Focus #2: mobile usage and adoption within healthcare and the decision making process

Manhattan Research (see above)

PEW Internet and American Life Project
Mobile Health 2010
(
released 3 days ago on October 19, 2010)

MobiHeath
A go-to resource for all things mobile health related. I have read all 5 of these report cover to cover. They are extremely valuable—especially The world of Mobile Health and Medical Apps. (Infographical jackpot for strategists looking to build great decks/presentations). You can read about/download the reports here

  • The World of Health and Medical Apps ($99)
  • State of the industry: Mobile Health Q2 2010 ($99)
  • State of the Industry: Mobile Health Q1 2010 ($99)
  • iPad Vs. The Tablets in Healthcare ($99)
  • FDA Regulation of Mobile Health (Free)

California Health Care Foundation

How Smartphones Are Changing Health Care for Consumers and Providers (April 2010) The recent adoption and use of smartphones by both consumers and providers of health care are the focus of this timely report by Jane Sarasohn-Kahn

Proprietary quantitative research
Still not sold? Craft your own needs methodology, run your own quantitative set across your HCP call list or patient targets, especially if you already have an established CRM program in place.

Resource & Content Curation

(keeping current with pharma industry advancements in digital engagement)

Just like patients, we don’t want to be overloaded by the amount of information available to us– so any sort of curation always helps, saves time and keeps you on task (without abusing the Google machine or opening 17 tabs in FireFox at the same time.)

Tweet Chats
If you really enjoy a multi-POV approach to sharing and consuming info- you may love Tweet chats. They offer liked-minded individuals an opportunity to chat about #epharma in a small group setting via Twitter aggregating the conversation using the hashtag #Socpharm. It’s a great hour of concentrated conversation, usually focused on 2-3 main topics.

#SocPharm Wednesdays between 8-9pm moderated by @eileenobrien

Working on a deadline? At your daughter’s play? At the gym? Can’t join? No problem– they are all archived on SocialPharmer (a social networking site created by @shwen for pharmaceutical marketing professionals.)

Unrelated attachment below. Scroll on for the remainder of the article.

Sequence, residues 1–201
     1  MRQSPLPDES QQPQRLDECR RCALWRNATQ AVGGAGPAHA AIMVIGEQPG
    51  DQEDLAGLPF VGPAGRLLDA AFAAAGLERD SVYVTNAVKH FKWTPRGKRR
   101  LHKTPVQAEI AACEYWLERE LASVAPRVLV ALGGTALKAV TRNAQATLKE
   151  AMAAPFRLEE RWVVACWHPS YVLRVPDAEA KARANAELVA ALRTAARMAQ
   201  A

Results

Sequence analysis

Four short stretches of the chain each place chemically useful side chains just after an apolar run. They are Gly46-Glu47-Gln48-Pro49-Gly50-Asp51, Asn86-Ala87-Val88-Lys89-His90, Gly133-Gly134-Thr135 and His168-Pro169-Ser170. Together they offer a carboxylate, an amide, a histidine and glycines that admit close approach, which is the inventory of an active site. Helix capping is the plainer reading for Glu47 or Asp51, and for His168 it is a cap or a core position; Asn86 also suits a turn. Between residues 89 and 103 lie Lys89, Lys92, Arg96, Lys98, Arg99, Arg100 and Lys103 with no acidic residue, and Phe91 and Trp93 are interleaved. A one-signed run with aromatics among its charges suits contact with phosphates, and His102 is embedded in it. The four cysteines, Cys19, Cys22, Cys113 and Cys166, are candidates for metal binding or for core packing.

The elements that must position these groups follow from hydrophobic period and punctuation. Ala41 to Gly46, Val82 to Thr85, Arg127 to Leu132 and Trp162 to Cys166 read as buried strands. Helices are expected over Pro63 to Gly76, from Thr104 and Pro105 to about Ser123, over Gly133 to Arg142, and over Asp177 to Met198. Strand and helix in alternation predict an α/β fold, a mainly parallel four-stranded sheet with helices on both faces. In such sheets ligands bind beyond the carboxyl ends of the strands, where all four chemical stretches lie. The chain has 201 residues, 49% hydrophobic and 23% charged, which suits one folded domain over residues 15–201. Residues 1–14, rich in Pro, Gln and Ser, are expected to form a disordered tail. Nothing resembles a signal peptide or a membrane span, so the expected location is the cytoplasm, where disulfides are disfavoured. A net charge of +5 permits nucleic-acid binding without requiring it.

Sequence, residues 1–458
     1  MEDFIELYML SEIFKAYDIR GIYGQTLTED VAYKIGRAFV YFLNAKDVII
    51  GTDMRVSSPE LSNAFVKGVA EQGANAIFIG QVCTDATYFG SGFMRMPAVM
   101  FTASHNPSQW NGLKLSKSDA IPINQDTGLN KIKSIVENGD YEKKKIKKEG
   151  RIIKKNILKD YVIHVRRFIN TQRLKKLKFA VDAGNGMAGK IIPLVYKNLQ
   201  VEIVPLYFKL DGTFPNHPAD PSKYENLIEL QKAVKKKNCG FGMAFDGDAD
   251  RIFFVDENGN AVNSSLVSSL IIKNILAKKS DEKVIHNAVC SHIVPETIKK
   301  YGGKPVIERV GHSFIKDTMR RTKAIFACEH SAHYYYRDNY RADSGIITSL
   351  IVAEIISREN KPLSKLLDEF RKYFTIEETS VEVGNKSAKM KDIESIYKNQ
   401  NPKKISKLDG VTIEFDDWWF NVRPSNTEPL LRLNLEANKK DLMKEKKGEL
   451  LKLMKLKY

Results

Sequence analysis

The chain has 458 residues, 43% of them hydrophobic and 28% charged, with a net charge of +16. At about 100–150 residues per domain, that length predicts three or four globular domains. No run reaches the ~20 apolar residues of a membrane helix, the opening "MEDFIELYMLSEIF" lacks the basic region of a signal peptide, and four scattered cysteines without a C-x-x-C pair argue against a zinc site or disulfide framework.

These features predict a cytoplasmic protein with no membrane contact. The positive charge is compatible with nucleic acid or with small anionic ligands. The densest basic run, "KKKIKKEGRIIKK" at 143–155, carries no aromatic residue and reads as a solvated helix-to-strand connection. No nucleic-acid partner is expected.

Pharma Social Media Wiki
If you’re doing research/ building case study examples on how Pharma is currently using various social platforms to engage with their target audiences—Dose of Digital’s Pharma Social Media Wiki authored by @jonmrich is a great place to start. It’s broken down by 15 main categories (just make sure you have a whole day and a door you can close,  b/c you’ll have a lot of reading/comparing to do). It’s the most extensive curation of social media specific pharma examples that exist in the public space.

CDC’s Social Media Tool Box
A great presentation of recommendations helping develop strategy & governance for social media in healthcare.

Mobile
If you’re diving into mobile and want to know what’s currently out there for #mhealth which includes healthcare mobile apps geared towards patients physicians, nurses (a key target for many disease states & ignored way too often, IMO)—here are a few places you can start. Knowing what already exists helps narrow down your personal playbook for brainstorming/execution.

MobiHealthNews Blog

Authored by Brian Dolan (@mobilehealth) offers a combination of breaking news, exclusive interviews, live event coverage and industry commentary to hospital administrators, healthcare service providers, physicians, nurses and the industry players designing, developing and deploying the wireless services that are transforming healthcare today.

iMedical Apps blog
Medical app reviews by health care professionals

InPharm Blog
authored by @dominic_tyer

  • Pharma Smart phone apps: Part 1
  • Pharma Smart phone apps: Part 2
  • Pharma Smart phone apps: Part 3

Note: Not all of them have been developed by a pharma company and that’s the point, they shouldn’t be. Some of the best apps out there have been designed and developed by physicians (when you have a personal need, who better to design the user experience other than yourself!) A trend we’ve been seeing more of lately; companies whom commission physicians to design and serve as an advisor/advocate for mobile resource & application development.